Brain manipulation happens all the time, and we’re completely unaware of it. As you might have guessed, grocery stores - with their tiny profit margins - are among the best at it. For an example, check this out the next time you’re at the grocery store – especially if you shop at a higher-end store:

You may notice that the size of the floor tiles change from one part of the store to another. If they do, I bet that the tiles are much smaller in the parts of the store where the store makes the most profit per item – the deli, the meat counter, and the wine rack. The reason for this is that we subconsciously hear the sound of our cart’s wheels click when they roll over each tile, and making the tiles smaller makes us slow down. The more we slow down, the more likely we are to browse and buy items that make the store more money.

If you’re interested in finding out more about how to price donuts – or anything else - by volume, I’ve included a link that explains the difference between all unit and incremental pricing: https://www.cleverbridge.com/corporate/volume-pricing-strategies-digital-goods/

The Culture of No

Today I want to talk about the Culture of No.

The Culture of No comes into play when we explain to a Customer why we can’t help them.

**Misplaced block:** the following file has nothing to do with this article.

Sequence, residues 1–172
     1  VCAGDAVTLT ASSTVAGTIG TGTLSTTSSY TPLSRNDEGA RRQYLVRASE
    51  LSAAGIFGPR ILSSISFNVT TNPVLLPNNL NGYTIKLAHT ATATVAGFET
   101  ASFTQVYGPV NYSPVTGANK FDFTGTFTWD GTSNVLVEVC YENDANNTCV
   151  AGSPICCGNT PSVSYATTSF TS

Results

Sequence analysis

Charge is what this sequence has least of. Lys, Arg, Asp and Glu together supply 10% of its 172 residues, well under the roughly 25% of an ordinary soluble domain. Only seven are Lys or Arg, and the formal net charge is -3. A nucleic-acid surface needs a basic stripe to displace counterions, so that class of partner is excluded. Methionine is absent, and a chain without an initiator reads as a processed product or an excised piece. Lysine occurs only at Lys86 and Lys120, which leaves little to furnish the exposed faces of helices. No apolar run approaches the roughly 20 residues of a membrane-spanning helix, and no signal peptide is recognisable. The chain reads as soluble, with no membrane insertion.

We are almost always polite when we tell a Customer no. We speak in calm, measured tones, with a sympathetic look on our faces, and sometimes a shrug that says “Whaddayagonnado?”

You know what? Customers don’t give a damn why we can’t do something. All they see is that we are an obstacle to getting what they need or want. And what do you do with an obstacle?

You go around it. If they have more aggressive personalities, they might ask to talk to your manager. If they think that you weren’t really listening, or you’re the second or third person that they’ve told their story to, they might even ask to talk to your department head... or, later, your corporate attorney.

Most people don’t have that kind of personality, though. Most people hang up. Then they go somewhere else. Forever. And they tell everyone on Facebook, Twitter, Instagram, and on and on to do the same.

The Culture of No is a trap – for a business, a fatal trap. There’s only one way out: Find a way to say yes.